Biden Warns Against Violence in Student Protests Over Gaza

(Bloomberg) -- President Joe Biden defended the right to protest peacefully but demanded that “order must prevail,” as demonstrations against the Israel-Hamas war have wreaked havoc on US college campuses.

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“There’s the right to protest but not the right to cause chaos,” Biden said at the White House Thursday, his first extended comments on the pro-Palestinian unrest at schools across the country. “Vandalism, trespassing, breaking windows, shutting down campuses, forcing the cancellation of classes and graduations — none of this is a peaceful protest,” he added.

The demonstrations have posed a threat to Biden’s reelection bid, and the president faced mounting pressure to personally address them before his unscheduled remarks on Thursday. The president said the protests have not caused him to rethink his approach to the war.

The clashes have highlighted the growing discontent among progressives, young people and Muslim and Arab Americans over the war — and the deep rift within Biden’s own Democratic party over his handling of the issue. The war between Israel and Hamas in Gaza has increasingly become a drag on Biden’s political standing, opening him to attacks from both sides and with polls showing voters are losing confidence in his approach.

Pro-Palestinian encampments spread to at least 100 colleges in 30 states and Washington, DC, since protesters first erected tents on Columbia’s quad on April 17.

Earlier: Students Pitched Tents For Gaza On at Least 100 US College Campuses

Biden on Thursday sought to strike a balance between what he said were “two fundamental American principles,” the right to free speech and “the rule of law.”

“Both must be upheld. We are not an authoritarian nation where we silence people or squash dissent,” he said. “But neither are we a lawless country. We’re a civil society and order must prevail.”

Asked if the National Guard should intervene as some Republicans have suggested, Biden said “no.” He also warned against antisemitic intimidation against Jewish students or threats against Muslims.

“There should be no place on any campus, no place in America for antisemitism or threats of violence against Jewish students,” Biden said. “There is no place for hate speech or violence of any kind, whether it’s antisemitism, Islamophobia, or discrimination against Arab Americans or Palestinian Americans.”

Police Crackdown

University administrators have struggled to address the protests, facing criticism from donors and politicians on both sides of the debate. Some have lambasted what they say is a heavy-handed response to young activists and others accuse the schools of turning a blind eye to Jewish students they say are being threatened by antisemitic intimidation.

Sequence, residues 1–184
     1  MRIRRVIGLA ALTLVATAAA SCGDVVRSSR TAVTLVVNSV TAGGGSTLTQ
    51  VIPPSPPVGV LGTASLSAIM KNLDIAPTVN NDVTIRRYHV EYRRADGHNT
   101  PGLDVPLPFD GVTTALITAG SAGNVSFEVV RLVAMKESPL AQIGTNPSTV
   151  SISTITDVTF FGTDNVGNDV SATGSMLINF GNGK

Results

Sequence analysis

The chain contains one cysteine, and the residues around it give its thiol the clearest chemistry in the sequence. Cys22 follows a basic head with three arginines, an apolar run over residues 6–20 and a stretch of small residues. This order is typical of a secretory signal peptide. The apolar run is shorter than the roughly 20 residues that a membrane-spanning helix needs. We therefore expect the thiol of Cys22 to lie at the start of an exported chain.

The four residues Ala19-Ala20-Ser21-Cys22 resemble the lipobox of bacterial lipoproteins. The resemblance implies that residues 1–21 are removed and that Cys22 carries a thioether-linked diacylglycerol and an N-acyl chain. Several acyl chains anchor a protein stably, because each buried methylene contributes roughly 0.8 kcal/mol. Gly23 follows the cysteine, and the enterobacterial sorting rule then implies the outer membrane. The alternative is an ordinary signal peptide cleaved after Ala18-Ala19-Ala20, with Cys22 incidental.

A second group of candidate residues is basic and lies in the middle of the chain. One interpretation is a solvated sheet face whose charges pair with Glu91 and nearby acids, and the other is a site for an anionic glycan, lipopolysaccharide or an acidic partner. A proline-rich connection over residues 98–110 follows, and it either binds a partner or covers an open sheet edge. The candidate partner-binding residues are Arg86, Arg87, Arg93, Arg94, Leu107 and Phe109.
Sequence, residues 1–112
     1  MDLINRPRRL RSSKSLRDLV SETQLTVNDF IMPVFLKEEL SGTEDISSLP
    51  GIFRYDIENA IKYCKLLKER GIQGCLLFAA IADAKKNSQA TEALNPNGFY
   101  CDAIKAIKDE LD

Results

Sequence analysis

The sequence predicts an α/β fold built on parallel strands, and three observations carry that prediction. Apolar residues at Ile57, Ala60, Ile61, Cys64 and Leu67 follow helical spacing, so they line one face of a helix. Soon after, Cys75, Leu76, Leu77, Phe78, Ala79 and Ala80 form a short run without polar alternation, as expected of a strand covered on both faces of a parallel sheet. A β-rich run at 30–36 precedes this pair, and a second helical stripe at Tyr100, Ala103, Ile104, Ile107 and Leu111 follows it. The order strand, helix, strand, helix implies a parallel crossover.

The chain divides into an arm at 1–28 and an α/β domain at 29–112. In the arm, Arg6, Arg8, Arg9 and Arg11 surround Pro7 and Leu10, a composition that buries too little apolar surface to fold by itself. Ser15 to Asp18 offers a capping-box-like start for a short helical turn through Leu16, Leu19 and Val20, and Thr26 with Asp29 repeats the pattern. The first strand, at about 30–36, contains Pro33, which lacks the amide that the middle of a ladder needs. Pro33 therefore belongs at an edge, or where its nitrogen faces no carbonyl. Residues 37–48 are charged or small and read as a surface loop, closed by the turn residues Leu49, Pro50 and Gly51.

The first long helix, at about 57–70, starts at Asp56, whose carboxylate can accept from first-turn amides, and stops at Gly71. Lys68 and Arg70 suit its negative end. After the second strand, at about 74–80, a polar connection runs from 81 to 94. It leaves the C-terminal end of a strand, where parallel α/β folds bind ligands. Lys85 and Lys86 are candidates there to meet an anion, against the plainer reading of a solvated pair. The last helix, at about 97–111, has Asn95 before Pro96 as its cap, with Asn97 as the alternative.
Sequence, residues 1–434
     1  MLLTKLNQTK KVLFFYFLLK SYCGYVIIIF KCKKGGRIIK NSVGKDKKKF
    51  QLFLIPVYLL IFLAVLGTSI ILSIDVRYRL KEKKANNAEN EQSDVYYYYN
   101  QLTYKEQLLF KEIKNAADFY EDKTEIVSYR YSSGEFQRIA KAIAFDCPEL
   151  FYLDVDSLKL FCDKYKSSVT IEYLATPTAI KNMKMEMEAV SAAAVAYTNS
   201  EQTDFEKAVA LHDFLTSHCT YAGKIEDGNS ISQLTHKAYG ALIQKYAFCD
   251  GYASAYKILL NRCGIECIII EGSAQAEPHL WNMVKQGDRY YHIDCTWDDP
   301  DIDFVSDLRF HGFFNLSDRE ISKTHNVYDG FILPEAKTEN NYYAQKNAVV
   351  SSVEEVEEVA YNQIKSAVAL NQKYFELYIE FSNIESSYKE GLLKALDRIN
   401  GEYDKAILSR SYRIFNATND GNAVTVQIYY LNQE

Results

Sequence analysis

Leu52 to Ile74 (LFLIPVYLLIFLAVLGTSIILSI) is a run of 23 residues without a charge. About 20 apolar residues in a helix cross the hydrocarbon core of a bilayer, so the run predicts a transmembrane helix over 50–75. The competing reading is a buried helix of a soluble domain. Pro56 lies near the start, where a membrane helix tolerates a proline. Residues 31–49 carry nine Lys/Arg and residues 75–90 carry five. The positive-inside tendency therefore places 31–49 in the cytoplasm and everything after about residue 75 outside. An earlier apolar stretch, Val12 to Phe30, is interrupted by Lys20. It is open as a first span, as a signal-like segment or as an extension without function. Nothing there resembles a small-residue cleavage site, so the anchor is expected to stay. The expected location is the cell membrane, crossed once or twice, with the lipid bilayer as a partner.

Protests at campuses across the US have escalated in recent weeks in solidarity with students at Columbia University who were arrested after building an encampment that administrators say broke multiple school policies and intimidated Jewish students. The protestors at Columbia dug-in following the arrests, eventually risking expulsion to barricade themselves in a building — a move that ended in a police raid Tuesday night and the arrest of 119 people.

New York City Mayor Eric Adams said that students have been influenced by “professional outside agitators” to become increasingly violent. Police have been concerned about a “mainstreaming of rhetoric” associated with terrorism, Deputy Commissioner Rebecca Weiner for intelligence and counterterrorism told reporters Wednesday.

Read more: Columbia Chief Assailed for Calling Cops Keeps Shaky Hold on Job

The protests have been a personal challenge for Biden who will need to mobilize young voters and progressives dismayed by his support for Israel to bolster his chances in November’s general election rematch with Republican Donald Trump.

Republicans have seized on the images to criticize Biden and paint a picture of a nation they say has seen lawlessness and disorder grow under his administration. Trump on Tuesday night called into Fox News as police entered Columbia’s campus, saying Biden had eroded bipartisan support for Israel.

Earlier: Biden Faces Make-or-Break Moment in Gaza Cease-Fire Talks

Biden has been pushing Israel and Hamas to agree to a cease-fire, a first step toward resolving their conflict, and for more aid to enter Gaza to alleviate the humanitarian crisis there — steps which could help address the domestic political backlash.

Israel has fought a nearly seven-month war after Hamas, a group designated a terrorist organization by the US and European Union, launched an attack that killed 1,200 people and saw 240 kidnapped. Authorities in Hamas-run Gaza say more than 34,000 Palestinians have been killed.

--With assistance from Katia Porzecanski.

(Updates with additional details, background throughout)

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